Samuel Townsend Sheppard.

Bombay place-names and street-names; an excursion into the by-ways of the history of Bombay City online

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at the south end of the Road.

Pilot Bunder Road. {Touching Colaba Road near St. John
the Evangelist Church.)

Named after the Bunder of the same name. A life boat was
once kept here. (Bombay City Gazetteer, I., 55.)



PiMPALWADi Cross Lane. {A blind lane from Mughhat.)

This^ is called Pimpalwadi on account of the many pipal
(Ficus Eeligiosa, or the Peepul) trees that existed there. There
are still one or two large peepul trees in this oart.
PiNJARi Street. (From Abdul Rehman Street to Sarang Street.)

Pinjaris, cotton cleaners, live in the locality. The pin/jar
is the harp shaped bow carrying the string by the vibration
of which the cotton is cleaned or scutched. {Vide Tribes and
Castes of the C. P., Vol. II., p. 72.)

PiRU Lane. (From Parel Road to Imamwada.)
Named after a Havaldar of a Governor whose name was Piru.

PiTHA Street. (From Gunbow Street to Ghoga Street.)

Named after an old pitha or liquor shop that exists here. It
belonged to Baja Lalchu, a well known Parsi.

Platform Road. (On both sides of Tardeo siding.)
A matter-of-fact railway name.

Police Court Lane. (From Bora Bazar Street to Raghunath
Dadaji Street.)

The old Fort Police Court building was at the corner of
Hornby Road and Raghunath Dadaji Street, at the west end
of this lane. This old Police Court Building was the property
of the first Sir Jamsetji (1783-1859) who gave it to his third
*son Sorabji (1825-1883) and from him it passed to the

Poona Street. (From Clive Road to Frere Road.)
•Named after the town of Poona.

PoPATWADi, or 1st Kolbhat Lane. (A blind lane from Kal-
badevi Road.)

Formerly known as Moroba Popatji's wadi. Moroba Popatji
was a wealthy Pathare Kshatriya of Bombay.


Portuguese Church Street. {Frotn Dadar ^nd Lady Jam-
setji Road junction to Old Purbhadevi Road.)

The Eev. Father Hull writes : — ■'' This street is so calleS be-
cause of Salva9ao Church which still exists along it, opposite
the big tank which is called the Church tank. Salvagao church ,
(Nossa Senhora do Salva9ao) was built by the Portuguese
Franciscans some time before 1600 (said to be 1596). It has
been rebuilt several times, and retains nothing of its original
form and appearance. It was successively in the hands of the
Franciscans and the Carmelites, and passed backwards and
forwards between the two jurisdictions ; but since 1853 has been
in possession of the Padroado clergy.

" St. Michael's, Mahim, near the bridge to Bandra, has a
similar history ; it is said to have been founded in 1534. The
chapel of St. Teresa, Girgaum, often called the Portuguese
chapel, was originally built in 1773 ; always under Propaganda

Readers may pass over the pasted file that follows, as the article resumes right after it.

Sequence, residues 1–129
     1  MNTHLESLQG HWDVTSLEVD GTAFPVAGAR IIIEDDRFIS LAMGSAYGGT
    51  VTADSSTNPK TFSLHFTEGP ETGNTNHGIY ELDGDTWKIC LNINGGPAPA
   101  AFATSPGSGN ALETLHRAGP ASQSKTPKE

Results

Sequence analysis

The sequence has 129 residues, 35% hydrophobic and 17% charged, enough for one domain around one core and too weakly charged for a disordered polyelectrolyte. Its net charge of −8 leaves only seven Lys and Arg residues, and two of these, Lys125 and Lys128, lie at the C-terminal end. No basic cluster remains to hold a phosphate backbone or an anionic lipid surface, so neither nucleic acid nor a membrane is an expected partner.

" The native Christians (and their churches) owe their name
Portuguese to their having originally been converted by the
Portuguese before the English acquisition. The name stuck
to them till very recent times. Properly only those Christians
should be called Portuguese who come from Goa (the Goans).
The Padroado churches can be called Portuguese in the sense
that they are under a Portuguese Bishop and manned by Goan

On the subject of Portuguese relics in Bombay, which one
might expect to be commemorated in place names. Father
Hull writes : — "It is claimed that some old walls in the castle
represent the remnants of the Portuguese Governor's house ;
but this is not at all certain, in fact quite improbable. The «
Portuguese (1534-1661) did not take Bombay island very
seriously. They merely divided the land among some of the
better families ; and there were never more than 14 such
families in the island. They built nothing known to us except
just the Governor's house above alluded to, which was probably*
a poor affair. They made no forts either. Whether those
little round towers on hills were built by them I cannot say,
but probably not. The churches of Esperanga, ' Gloria,
Salvaoao and St. Michael's and the shell of the church at Parel
(now embodied in the laboratory) are the only known Portuguese
buildings ; and of these no distinguishing original feature



survives, as they were mucli rebuilt. Alleged Portuguese
houses; etc., are mythological. With churches should le
included crosses of the Portuguese type ; but it is not certain
which of them were made in Portuguese times and which later.

Prescott Road. (From Napier Road to Outram Road.)

Named after Miss Prescott. " The Frere -Fletcher school was
formerly known as Miss Prescott's Fort Christian school. This
building, like the University Hall and Library, dates its origin
from the share mania times. Its existence is the result of the
unselfish labours of Miss Prescott, a lady who for some years
devoted her life and her means to the education of a few